ReTuna, more than waste

by Davide Perillo
8 min read
by Davide Perillo
8 min read

In ReTuna Återbruksgalleria everything you can buy has been recycled. Take for example this lamp, shaped a bit like a pine cone – round at the bottom and elongated at the top – with brown fronds that give it a look halfway between ethnic and Seventies kitsch that came from old leather jackets, cleaned and cut into pieces. The bottle being used as the base of the lamp is recycled too, and so is the vase sitting next to it on the shelves. And the other things nearby: the skates in the sports shop, the bedside tables in the furniture store, the toys in the window over there, behind the entrance with a big tree surrounded by a bench made from reclaimed materials. And the clothes in an area that leaves you in no doubt as to their origin: second hand. The mall’s name also describes its manifesto. The “Tuna” in it comes from Eskilstuna, the town of 65 thousand people where it is located, about an hour’s train ride west of Stockholm, Sweden, while the “Re” part needs no explanation: it’s the maker’s mark here for absolutely everything.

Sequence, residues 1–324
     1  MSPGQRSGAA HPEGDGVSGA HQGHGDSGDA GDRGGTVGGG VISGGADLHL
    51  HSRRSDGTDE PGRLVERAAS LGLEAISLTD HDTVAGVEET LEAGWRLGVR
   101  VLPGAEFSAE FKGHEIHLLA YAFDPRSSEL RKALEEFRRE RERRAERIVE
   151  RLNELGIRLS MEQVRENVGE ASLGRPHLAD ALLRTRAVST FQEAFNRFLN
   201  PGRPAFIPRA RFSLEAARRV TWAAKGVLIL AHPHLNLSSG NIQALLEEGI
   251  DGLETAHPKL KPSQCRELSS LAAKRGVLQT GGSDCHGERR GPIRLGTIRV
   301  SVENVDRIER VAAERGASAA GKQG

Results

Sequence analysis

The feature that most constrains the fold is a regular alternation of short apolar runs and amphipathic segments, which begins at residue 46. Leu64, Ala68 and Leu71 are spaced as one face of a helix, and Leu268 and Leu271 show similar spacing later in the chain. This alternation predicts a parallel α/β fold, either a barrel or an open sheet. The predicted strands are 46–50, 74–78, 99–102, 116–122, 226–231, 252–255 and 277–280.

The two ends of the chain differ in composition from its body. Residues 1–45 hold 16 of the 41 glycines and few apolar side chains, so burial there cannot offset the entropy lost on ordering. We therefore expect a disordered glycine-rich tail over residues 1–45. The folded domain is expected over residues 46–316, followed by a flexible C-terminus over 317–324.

Perched between the lakes of the county of Södermanland and dating back to Viking times, Eskilstuna was until now only “famous” for two things: being the birthplace of a slightly obscure centre-forward, Kennet Anderson, who played for Bari and Bologna in the Nineties; and for being the childhood home of Anni-Frid Lyngstad, the brunette from Abba, who was not even born here but lived in Eskilstuna with her grandmother until she was 13. But now Eskilstuna is attracting attention from newspapers all round the world, thanks to this mall with the red and green façade, which until four years ago was the depot for a haulage firm.

The “Hugo Boss” of used goods

From the outside, it looks like a school, a library or a civic centre in this part of Sweden. But inside, the comparison is immediately – and inevitably – with Ikea. It is a mall for absolutely everything, from furniture to electricals, DIY equipment, and things for your pet. There are 14 shops, an all-organic bistrot, a bookshop, a small meeting room, and a vetrine where customers can view products to buy online later. There is lots of light, a Scandinavian sense of order. Nothing like a traditional flea market! In fact, ReTuna is aiming quite a bit higher, as manager Anna Bergström explains with a smile: ‘we want to be the Hugo Boss of used goods’.
Bergström has been here since the very beginning, in August 2015, when the idea of giving belongings a second life to help extend the life of the planet began to take root thanks to a happy coincidence of local environmentalists and far-sighted politicians.